Suspicious Tor Exit Node Flagged (October 27, 2014)

The Tor project has identified an exit node server in Russia that appears to add malware to downloads as the files exit the anonymization network.



ACLU Challenging School District Digital Policy for Violating Students' Rights (October 27, 2014)

The American Civil Liberties Union (ACLU) is challenging a Tennessee school district's policy of searching students' electronic devices and monitoring and controlling what the students post to social media. The policy also allows schools to monitor communications sent through or stored on school networks. The ACLU says the policy is broadly written and "demonstrates a fundamental misunderstanding" of students' constitutional rights.
ACLU Letter:

NIST Warns of Security Issue in Samsung's "Find My Mobile" Service (October 27, 2014)

A vulnerability in Samsung's "Find My Mobile" service could be exploited by attackers to lock the devices. The National Institute of Standards and Technology (NIST) has issued a warning about the problem.


Eleven-Year Prison Sentence for Role in RBS WorldPay Scheme (October 27, 2014)

Sergei Nicolaevich Tsurikov has been sentenced to 11 years in prison for his part in the scheme that stole US $9.4 million from RBS WorldPay in 2008. The scheme involved breaking encryption used to protect payroll debit cards and raising the limits on the associated accounts. The group stole more than US $9 million in just one day from ATMs around the world.


Google Changes Search Algorithm to Help Fight Piracy (October 27, 2014)

Last week, Google made changes to its search algorithm that have had a noticeable effect on the number of video streaming and torrent sites that appear at the tops of results. Visibility of many sites known to offer pirated content has been significantly reduced.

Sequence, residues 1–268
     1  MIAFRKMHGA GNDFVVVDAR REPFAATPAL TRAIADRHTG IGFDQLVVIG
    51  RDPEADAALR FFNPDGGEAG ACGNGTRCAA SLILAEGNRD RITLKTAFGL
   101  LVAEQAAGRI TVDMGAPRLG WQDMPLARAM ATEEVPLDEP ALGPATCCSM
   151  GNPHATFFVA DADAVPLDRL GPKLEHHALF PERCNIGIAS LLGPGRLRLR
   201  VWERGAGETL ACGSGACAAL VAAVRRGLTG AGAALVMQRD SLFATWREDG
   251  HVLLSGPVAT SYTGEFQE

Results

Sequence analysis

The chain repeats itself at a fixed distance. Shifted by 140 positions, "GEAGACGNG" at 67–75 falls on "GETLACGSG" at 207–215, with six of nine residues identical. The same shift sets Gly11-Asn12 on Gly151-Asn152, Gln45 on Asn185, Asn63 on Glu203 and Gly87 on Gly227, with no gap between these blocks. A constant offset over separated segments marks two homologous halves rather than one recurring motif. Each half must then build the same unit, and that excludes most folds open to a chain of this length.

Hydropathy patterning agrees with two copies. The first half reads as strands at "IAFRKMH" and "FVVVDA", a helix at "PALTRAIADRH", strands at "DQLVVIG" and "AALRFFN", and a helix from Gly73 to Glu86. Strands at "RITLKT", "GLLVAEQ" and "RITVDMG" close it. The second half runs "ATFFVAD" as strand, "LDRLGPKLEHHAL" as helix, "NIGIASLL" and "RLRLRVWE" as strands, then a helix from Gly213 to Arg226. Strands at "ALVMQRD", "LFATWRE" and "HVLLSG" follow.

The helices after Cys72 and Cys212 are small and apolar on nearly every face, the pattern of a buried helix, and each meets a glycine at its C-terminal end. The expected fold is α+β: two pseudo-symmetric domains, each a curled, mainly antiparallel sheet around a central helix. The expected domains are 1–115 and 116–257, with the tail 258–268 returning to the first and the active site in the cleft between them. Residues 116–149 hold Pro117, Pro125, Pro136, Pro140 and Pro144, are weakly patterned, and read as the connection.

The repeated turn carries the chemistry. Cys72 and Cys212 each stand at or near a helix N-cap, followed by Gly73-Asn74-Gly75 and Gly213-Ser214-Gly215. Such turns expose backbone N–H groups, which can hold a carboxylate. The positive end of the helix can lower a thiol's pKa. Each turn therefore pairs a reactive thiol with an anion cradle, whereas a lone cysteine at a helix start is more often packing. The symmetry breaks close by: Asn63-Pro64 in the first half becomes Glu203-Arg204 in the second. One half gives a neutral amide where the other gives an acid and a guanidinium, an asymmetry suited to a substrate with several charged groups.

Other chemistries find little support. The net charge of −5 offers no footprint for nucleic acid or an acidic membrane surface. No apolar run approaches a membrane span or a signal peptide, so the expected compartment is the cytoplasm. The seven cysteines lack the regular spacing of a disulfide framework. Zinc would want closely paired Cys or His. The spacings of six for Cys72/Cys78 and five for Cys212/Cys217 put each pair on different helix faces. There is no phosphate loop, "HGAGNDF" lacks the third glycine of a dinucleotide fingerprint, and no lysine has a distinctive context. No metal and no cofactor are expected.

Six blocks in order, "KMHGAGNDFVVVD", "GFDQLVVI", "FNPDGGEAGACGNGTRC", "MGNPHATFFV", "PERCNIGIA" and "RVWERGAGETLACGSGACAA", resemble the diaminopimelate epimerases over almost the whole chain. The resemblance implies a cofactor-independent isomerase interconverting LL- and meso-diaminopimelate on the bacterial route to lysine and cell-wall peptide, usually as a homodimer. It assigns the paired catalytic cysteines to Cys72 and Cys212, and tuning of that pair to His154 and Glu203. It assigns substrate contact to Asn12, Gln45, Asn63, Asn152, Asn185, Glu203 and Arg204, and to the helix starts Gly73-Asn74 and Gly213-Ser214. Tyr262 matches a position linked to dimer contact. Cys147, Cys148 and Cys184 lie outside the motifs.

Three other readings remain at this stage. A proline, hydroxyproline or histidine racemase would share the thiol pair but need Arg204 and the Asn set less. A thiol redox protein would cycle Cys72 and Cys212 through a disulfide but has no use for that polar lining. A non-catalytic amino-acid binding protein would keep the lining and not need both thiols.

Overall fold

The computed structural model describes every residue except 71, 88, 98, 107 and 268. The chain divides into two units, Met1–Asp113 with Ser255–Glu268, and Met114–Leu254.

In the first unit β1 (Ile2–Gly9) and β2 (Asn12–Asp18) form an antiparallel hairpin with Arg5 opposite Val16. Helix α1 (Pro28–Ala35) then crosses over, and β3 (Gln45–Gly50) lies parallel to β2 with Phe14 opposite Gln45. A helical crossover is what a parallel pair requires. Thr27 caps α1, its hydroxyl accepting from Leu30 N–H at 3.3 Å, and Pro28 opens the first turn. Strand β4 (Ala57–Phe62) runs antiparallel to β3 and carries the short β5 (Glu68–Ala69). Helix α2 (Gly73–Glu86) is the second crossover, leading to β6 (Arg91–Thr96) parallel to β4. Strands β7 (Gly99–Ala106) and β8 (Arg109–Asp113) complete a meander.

Attack Targeting Outlook Web App Users (October 24, 2014)

A cyber espionage operation has been targeting users of Office 365's Outlook Web App. The attack begins with spear phishing messages sent to employees at military agencies, embassies, defense contractors, and media outlets that use the product. Called Pawn Storm by Trend Micro, the campaign has reportedly been going on since 2007. The group also uses exploits hidden in certain websites.

Court Orders Shutdown of Company Selling Useless Tech Support (October 24 & 27, 2014)

A federal court in New York has shut down a company called Pairsys for selling useless tech support, according to a US Federal Trade Commission (FTC) announcement. On October 9, the court issued a preliminary injunction, which froze company assets and required that its websites and phone numbers be disconnected. Pairsys made US $2.5 million in less than two years selling scareware and software that was available elsewhere at no cost. Company employees posed as Microsoft and Facebook representatives.



[Editor's Note (Murray): One would hope to see more FTC enforcement action against "Scareware." It is an obnoxious "con" targeting the elderly and the naive. It is a blight on our space. ]

Microsoft Offers "Fix-it" for New Zero-Day in OLE (October 24, 2014)

Earlier this month, Microsoft issued patches for a number of vulnerabilities, including one in the Microsoft Object Linking and Embedding (OLE) technology that has been dubbed the Sandworm bug. A new set of attacks is now exploiting another vulnerability in OLE; Microsoft has issued a "Fix-it" for the problem but has not yet issued a patch.



New Android Ransom Wear Spreads via SMS

Arbitrary Code Execution Vulnerability in "strings"

"Al Quaida" SSID causes flight delay

Shellshock Exploit used against mail servers

Scanning For Specific Vulnerabilities

Micasa Verda / Vera Home Automation Gateway Security Review (and fail)